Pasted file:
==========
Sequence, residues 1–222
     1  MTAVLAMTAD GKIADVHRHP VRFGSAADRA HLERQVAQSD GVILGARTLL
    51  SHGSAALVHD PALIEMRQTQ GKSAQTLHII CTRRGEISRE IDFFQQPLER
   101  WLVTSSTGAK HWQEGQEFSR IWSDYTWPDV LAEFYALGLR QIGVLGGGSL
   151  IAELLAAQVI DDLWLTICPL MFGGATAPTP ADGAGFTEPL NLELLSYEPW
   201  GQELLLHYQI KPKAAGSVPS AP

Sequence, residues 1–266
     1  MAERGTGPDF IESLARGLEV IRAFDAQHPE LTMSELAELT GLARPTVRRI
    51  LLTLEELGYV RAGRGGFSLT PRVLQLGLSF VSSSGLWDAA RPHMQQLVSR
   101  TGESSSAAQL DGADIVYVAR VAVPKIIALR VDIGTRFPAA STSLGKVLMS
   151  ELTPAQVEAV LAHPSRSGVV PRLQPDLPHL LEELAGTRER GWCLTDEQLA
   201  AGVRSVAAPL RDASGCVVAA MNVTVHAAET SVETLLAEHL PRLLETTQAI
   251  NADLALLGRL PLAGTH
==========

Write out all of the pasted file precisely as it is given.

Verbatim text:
Sequence, residues 1–222
     1  MTAVLAMTAD GKIADVHRHP VRFGSAADRA HLERQVAQSD GVILGARTLL
    51  SHGSAALVHD PALIEMRQTQ GKSAQTLHII CTRRGEISRE IDFFQQPLER
   101  WLVTSSTGAK HWQEGQEFSR IWSDYTWPDV LAEFYALGLR QIGVLGGGSL
   151  IAELLAAQVI DDLWLTICPL MFGGATAPTP ADGAGFTEPL NLELLSYEPW
   201  GQELLLHYQI KPKAAGSVPS AP

Sequence, residues 1–266
     1  MAERGTGPDF IESLARGLEV IRAFDAQHPE LTMSELAELT GLARPTVRRI
    51  LLTLEELGYV RAGRGGFSLT PRVLQLGLSF VSSSGLWDAA RPHMQQLVSR
   101  TGESSSAAQL DGADIVYVAR VAVPKIIALR VDIGTRFPAA STSLGKVLMS
   151  ELTPAQVEAV LAHPSRSGVV PRLQPDLPHL LEELAGTRER GWCLTDEQLA
   201  AGVRSVAAPL RDASGCVVAA MNVTVHAAET SVETLLAEHL PRLLETTQAI
   251  NADLALLGRL PLAGTH